The body serves as a resonating chamber, projecting the strings' vibrations through the sound hole, amplifying the sound. The maximum loudness of your guitar is governed by the quantity of air that passes through the sound hole.


• Begin from the top. The guitar's top section, or head, is made up of the strings' and tuning knobs or keys. Prior to continuing, you must ensure that your guitar is in tune by changing and adjusting the tuning keys.


• Work your way down the neck. The neck is lined with frets, and the fingerboards are located between each fret. A fret is a thin metal line, while your position markers are the round metal notches on the neck. Position markers indicate your position in respect to the scale's length.


• The fretboard, sometimes referred to as the fingerboard, is a flat or slightly curved piece of wood with metal fret wires implanted in it. When you push a guitar string against the fretboard, you create a higher tone by shortening the string's vibrating length.


• Frets mathematically divide the length of the string. Each fret produces a unique pitch. Every 12 frets, an octave is formed. Frets are often the first to wear out when a guitar is played frequently, but they may be changed or reshaped as required.


•End with the body of your guitar. The saddle and bridge support the ends of the strings. Additionally, these two components keep your strings tight in relation to your tuning keys. The hole in the middle of your guitar assists in projecting your instrument's sound. It is referred to as the sound hole. To protect the body of your guitar from scratches, a piece of protective material called as a pick guard is placed over the sound hole.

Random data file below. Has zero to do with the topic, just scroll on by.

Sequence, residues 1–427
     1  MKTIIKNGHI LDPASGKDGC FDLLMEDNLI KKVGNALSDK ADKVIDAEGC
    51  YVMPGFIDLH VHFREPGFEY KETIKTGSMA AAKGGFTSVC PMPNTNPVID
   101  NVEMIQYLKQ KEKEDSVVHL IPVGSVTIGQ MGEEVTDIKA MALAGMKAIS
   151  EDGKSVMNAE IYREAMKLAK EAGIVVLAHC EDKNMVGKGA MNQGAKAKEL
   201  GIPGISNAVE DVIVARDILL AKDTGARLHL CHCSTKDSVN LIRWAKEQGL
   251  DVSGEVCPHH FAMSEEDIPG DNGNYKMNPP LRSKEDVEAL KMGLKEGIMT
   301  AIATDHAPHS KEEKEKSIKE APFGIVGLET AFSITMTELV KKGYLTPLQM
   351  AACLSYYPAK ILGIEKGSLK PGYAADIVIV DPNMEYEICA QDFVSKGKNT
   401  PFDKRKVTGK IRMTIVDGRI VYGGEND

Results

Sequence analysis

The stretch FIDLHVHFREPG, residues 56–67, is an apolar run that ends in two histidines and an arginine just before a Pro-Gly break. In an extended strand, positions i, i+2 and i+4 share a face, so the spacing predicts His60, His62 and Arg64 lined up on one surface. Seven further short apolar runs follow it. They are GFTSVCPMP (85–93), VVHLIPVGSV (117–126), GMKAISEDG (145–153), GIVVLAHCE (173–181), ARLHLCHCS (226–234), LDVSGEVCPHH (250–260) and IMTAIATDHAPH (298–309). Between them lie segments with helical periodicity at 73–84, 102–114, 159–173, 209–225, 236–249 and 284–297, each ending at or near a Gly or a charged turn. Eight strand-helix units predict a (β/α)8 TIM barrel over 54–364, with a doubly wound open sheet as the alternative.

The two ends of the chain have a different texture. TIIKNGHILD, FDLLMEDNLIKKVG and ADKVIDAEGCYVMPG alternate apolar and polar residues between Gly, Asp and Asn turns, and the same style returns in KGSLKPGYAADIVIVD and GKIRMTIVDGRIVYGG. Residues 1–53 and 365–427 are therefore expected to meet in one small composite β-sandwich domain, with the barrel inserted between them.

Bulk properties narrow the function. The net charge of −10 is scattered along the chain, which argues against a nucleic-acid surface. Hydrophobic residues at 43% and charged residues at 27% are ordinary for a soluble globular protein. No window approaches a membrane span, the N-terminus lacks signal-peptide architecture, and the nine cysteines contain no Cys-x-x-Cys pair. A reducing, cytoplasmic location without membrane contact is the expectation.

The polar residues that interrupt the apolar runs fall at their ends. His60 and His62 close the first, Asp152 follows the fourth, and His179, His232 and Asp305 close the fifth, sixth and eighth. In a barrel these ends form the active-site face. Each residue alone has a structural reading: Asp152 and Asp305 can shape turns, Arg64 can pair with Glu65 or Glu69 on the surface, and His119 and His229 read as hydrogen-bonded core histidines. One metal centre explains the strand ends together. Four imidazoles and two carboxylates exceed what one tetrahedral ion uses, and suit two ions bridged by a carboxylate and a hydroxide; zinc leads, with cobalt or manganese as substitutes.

2) Positioning Your Body when you play guitar


• Whether you opt for guitar classes or are simply learning to play the guitar on your own, learn to play guitar on the right chair. When playing classical guitar, you'll always be seated on a chair, as opposed to other styles of guitar. opt for a chair with a solid base but no armrests. When you play, elbow rests will get in the way, so you'll need a solid foundation to help you stay stable and comfortable. Avoid slouching to avoid injuring your back.


• To get the best results, try to keep your lower legs and thighs at or near a 90-degree angle. Depending on the chair height, your legs will be in different positions.